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    Premium cataract surgery: Correcting complications and side effects

    Keys to unfolding the specific surgical plan of action

    Take-home message: Arun C. Gulani, MD, continues the cataract surgery series addressing methods to correct complications and side effects of premium cataract surgery, including patient dissatisfaction postoperatively.

    This designing cataract surgery series addresses methods to correct complications and side effects of premium cataract surgery, including patient dissatisfaction postoperatively.

    Sponsored: 5 reasons toric IOLs manage astigmatism most effectively

    For simplification, I have devised a classification system based on more than two decades of correcting complications associated with cataract surgery in patients from around the globe and categorized the system for simplicity in understanding the core issue—patient perception of the problem—and thereby unfolding the specific plan of action.

    (All images courtesy of Arun Gulani, MD.)

    I.               Surgery-Related Complications

    Complications associated with cataract surgery can be linked to the surgery itself in that the surgery can have resulted in anatomic damage in the corneal, iris, or vitreoretinal tissue. There may also be combinations of these directly or indirectly.

    Additionally, surgery can cause inflammation that can decrease the visual outcomes, i.e., cystoid macular edema, and even involve adjacent anatomy-related optical pathway like decentration of the lens implant relative to pupil centration and thus the resultant visual symptoms. When the vision is impacted negatively, this in turn affects patient satisfaction.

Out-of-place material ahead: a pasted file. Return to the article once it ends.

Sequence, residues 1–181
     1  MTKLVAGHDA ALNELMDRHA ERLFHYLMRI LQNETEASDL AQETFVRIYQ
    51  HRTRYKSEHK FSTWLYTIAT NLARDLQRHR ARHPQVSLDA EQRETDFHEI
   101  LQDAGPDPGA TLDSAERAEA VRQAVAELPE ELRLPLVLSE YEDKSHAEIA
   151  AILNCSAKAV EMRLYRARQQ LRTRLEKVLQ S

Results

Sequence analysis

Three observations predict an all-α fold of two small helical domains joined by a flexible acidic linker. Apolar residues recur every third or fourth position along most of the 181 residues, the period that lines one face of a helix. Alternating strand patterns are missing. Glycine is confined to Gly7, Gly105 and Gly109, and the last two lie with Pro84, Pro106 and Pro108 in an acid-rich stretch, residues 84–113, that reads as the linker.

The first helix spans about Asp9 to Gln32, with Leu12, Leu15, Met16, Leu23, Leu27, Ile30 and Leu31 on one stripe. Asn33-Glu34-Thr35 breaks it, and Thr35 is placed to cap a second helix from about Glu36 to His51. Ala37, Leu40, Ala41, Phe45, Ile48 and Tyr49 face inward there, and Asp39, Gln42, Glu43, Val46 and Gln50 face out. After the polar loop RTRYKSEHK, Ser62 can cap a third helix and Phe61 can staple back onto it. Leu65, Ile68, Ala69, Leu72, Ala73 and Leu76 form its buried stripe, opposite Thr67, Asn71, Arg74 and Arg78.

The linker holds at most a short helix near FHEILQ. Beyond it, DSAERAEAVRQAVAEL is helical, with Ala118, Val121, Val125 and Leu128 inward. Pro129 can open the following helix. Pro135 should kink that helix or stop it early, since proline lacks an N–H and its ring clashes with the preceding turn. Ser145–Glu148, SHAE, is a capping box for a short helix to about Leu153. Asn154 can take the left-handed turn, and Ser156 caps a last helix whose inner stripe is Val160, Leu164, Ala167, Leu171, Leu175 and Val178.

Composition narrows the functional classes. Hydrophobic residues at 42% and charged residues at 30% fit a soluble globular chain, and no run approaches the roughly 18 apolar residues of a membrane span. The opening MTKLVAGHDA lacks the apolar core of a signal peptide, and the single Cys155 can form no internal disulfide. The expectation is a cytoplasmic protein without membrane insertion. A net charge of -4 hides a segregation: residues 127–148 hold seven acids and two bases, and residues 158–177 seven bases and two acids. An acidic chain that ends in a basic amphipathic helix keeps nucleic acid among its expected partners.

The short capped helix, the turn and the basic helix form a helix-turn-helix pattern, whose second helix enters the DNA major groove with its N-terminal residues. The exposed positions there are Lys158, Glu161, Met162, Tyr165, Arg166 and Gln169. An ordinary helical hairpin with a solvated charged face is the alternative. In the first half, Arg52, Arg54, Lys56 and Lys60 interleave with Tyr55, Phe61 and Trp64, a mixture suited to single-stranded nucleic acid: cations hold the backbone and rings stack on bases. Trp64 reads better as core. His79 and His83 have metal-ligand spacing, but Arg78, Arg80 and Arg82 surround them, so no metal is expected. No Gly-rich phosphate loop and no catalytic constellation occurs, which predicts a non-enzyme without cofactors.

Anatomic damage can be corrected in the appropriate sequence, as I described in previous columns, keeping in mind the least-interventional Corneoplastique techniques for restoring the anatomy in planning for the optimal optical outcome.

    Inflammation can be appropriately and aggressively treated to resolution while optical pathway incoherence can be addressed in pupil-IOL relations with many approaches, the most minimal of which could be the Donnenfeld Argon Iris Laser (at the site of the decentered pupillary edge) technique.

    II. IOL-based complications

    Arun C. Gulani, MD
    Dr. Gulani is director of refractive surgery and chief, cornea & external disease, as well as assistant professor, department of ...

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